“Patients are needlessly dying throughout the entire health care system, and not just in VA hospitals, but the larger tragedy continues to be ignored.”
Greenville, SC (PRWEB) June 03, 2014
“Department of Veterans Affairs Health Care System is highly dysfunctional, and far too often needlessly deadly,” says Dr. Ira Williams, patient safety expert, and author of Find The Black Box “and most of that system’s problems were recognized, and effectively dealt with over 30 years ago at Harvard. Unfortunately, the effective use of authority, accountability, and minimum standards demonstrated by the Harvard Medical School Department of Anesthesia (http://is.gd/9daZ8A) Standards for Patient Monitoring During Anesthesia at Harvard Medical School, Eichhorn, J.H., Cooper, J.B., et al., JAMA, Aug 22/29, 1986, Vol 256, No 8., have never become the life saving model throughout the rest of the health care delivery system that they proved to be at Harvard.”
Dr. Williams continues, “The nation that scientifically allowed Curiosity to land on Mars, (http://is.gd/PR27EJ) in 2012, and continue to send back data has a health care system that is clearly chaotic in every direction one might turn. Witness the fact that the latest estimate of needless hospital deaths (http://is.gd/GzKOg3) is quadruple the original 1990 estimate of such deaths (http://is.gd/LTnBli) a quarter of a century later. The current VA crisis is only further evidence of an entire health care delivery system that is unorganized, dysfunctional, too often needlessly deadly, and with no evidence of a solution.”
Dr. Williams has long considered that 1986 Harvard Anesthesia Department study to be one of the most important articles concerning patient safety in the entire health care literature. “Those department leaders demonstrated organizational structure, authority, accountability (nine separate hospital departments), and provided rapid, and effective improvement in patient safety resulting in countless lives saved during the past three decades.”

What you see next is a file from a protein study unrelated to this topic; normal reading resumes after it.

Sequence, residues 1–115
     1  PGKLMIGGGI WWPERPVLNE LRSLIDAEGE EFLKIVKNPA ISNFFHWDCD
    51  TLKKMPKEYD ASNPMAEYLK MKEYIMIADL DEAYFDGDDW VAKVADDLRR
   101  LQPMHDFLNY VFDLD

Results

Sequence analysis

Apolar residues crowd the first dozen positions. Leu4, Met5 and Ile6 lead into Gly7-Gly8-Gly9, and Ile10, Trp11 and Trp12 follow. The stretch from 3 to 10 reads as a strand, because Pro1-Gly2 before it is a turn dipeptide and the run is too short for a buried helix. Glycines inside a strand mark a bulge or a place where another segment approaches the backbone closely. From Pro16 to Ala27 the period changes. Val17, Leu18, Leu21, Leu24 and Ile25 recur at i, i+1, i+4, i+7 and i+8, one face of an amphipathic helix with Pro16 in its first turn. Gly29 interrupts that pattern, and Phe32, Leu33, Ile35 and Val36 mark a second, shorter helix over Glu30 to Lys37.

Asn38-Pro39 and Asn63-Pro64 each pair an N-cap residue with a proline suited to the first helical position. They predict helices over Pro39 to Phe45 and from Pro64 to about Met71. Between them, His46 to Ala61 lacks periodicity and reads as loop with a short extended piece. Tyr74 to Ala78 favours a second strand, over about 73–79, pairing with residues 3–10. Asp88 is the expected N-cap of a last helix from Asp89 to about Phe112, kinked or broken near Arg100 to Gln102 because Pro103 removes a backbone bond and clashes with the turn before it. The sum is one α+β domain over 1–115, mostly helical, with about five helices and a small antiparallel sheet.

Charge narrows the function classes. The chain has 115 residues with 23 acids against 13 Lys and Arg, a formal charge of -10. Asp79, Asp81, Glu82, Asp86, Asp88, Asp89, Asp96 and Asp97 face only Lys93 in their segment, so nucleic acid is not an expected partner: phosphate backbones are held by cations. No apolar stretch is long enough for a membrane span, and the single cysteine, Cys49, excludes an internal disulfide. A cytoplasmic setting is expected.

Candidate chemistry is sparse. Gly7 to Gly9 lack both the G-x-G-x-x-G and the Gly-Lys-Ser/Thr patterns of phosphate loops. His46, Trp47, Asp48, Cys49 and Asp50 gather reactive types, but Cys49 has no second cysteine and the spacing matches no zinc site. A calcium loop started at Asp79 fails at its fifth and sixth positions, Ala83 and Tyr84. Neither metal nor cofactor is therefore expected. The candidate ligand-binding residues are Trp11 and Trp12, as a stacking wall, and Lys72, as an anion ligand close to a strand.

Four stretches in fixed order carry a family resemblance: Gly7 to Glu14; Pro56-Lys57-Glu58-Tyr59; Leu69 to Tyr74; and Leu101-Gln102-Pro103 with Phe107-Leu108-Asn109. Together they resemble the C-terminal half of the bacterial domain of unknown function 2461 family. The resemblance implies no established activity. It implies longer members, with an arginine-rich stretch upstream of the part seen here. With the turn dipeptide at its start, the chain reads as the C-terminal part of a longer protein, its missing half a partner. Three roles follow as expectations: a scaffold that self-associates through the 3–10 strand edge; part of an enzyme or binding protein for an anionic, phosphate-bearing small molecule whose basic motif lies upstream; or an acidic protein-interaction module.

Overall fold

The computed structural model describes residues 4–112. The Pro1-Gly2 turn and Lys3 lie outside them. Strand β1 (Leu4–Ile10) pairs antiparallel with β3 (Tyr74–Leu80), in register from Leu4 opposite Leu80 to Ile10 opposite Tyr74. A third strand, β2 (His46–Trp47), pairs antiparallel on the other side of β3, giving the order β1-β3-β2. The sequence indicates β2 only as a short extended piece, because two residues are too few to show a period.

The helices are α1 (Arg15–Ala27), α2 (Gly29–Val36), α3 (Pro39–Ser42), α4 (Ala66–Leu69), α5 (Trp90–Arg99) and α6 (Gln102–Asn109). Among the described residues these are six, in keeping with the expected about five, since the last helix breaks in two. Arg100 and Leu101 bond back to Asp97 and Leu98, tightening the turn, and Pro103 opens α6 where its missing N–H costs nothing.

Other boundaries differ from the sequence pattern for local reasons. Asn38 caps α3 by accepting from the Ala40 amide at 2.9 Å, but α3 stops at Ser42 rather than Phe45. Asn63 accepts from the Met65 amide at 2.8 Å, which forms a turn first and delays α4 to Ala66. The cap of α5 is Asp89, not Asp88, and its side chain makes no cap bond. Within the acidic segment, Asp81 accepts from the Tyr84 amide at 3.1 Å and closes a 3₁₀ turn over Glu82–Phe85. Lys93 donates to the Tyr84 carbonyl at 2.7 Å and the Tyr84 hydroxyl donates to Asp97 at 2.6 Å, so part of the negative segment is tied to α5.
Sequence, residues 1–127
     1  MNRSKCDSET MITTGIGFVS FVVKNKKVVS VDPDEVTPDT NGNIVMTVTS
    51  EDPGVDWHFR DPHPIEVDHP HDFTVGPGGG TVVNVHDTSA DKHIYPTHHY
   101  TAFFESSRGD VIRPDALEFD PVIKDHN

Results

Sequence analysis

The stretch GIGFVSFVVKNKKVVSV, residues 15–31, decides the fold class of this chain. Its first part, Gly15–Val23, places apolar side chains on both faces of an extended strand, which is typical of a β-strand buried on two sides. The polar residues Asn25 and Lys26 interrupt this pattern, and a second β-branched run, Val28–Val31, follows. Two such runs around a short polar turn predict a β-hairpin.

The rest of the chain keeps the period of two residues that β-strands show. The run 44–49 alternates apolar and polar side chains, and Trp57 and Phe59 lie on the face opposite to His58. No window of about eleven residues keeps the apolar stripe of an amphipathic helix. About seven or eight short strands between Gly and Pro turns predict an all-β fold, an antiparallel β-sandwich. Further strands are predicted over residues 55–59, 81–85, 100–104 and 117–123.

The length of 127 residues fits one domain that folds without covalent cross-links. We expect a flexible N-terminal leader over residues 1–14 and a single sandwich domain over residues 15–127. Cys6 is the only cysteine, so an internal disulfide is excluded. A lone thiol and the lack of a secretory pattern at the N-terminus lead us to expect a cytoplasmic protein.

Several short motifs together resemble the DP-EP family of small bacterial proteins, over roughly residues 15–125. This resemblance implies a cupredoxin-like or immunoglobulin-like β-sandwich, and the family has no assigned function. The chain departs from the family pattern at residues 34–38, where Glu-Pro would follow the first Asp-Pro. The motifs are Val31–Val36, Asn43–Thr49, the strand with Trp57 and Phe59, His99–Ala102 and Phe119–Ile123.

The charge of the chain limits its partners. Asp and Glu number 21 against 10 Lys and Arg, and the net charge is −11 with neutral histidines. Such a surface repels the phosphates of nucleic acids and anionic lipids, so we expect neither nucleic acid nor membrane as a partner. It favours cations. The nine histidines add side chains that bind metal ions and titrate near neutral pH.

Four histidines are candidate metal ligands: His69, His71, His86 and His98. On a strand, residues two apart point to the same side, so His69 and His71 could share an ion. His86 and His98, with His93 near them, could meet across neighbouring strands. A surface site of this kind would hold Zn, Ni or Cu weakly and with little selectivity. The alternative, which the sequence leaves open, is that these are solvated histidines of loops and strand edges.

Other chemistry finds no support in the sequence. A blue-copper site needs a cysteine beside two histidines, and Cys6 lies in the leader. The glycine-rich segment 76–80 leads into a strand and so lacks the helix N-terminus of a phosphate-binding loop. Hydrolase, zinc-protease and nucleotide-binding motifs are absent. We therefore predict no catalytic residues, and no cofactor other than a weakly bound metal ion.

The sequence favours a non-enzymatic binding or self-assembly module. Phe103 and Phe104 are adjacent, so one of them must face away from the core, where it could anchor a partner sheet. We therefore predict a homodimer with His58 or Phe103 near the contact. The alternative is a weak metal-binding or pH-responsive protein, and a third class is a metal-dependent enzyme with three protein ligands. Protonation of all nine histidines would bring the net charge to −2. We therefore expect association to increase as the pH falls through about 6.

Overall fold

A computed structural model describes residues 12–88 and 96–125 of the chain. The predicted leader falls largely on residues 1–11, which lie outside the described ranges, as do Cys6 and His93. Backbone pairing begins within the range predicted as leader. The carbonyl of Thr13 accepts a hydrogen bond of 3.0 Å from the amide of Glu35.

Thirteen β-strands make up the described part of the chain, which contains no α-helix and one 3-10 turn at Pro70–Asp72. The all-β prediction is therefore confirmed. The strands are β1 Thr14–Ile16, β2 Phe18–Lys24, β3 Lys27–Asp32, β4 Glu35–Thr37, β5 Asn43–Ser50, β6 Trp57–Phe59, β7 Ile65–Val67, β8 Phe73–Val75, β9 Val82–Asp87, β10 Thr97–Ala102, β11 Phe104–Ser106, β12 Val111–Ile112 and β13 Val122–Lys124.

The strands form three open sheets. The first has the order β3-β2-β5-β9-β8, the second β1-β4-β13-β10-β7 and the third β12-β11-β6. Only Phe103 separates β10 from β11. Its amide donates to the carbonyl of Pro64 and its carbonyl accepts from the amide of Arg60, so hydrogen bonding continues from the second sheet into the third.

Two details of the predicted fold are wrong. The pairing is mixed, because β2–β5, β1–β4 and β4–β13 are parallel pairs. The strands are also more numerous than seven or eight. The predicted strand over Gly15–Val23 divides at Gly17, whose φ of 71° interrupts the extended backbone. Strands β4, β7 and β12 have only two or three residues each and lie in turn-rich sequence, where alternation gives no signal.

Dr. Williams says one quote from that article both illustrates its potential importance to patient safety, and indicts those who failed to implement its proven value. “They are fundamental minimal standards that would be achievable in the smallest rural community hospital.” Dr. Williams, in his continuing series of Open Letters (http://is.gd/wdU2CM) discloses how the fundamental patient safety measures instituted by the Harvard Medical School Department of Anesthesia demonstrated the demand for, and benefits from an organizational structure with clearly defined points of authority necessary for the achievement of patient care accountability, patient safety essentials clearly missing in the Veterans Health System, and throughout the entire health care delivery system.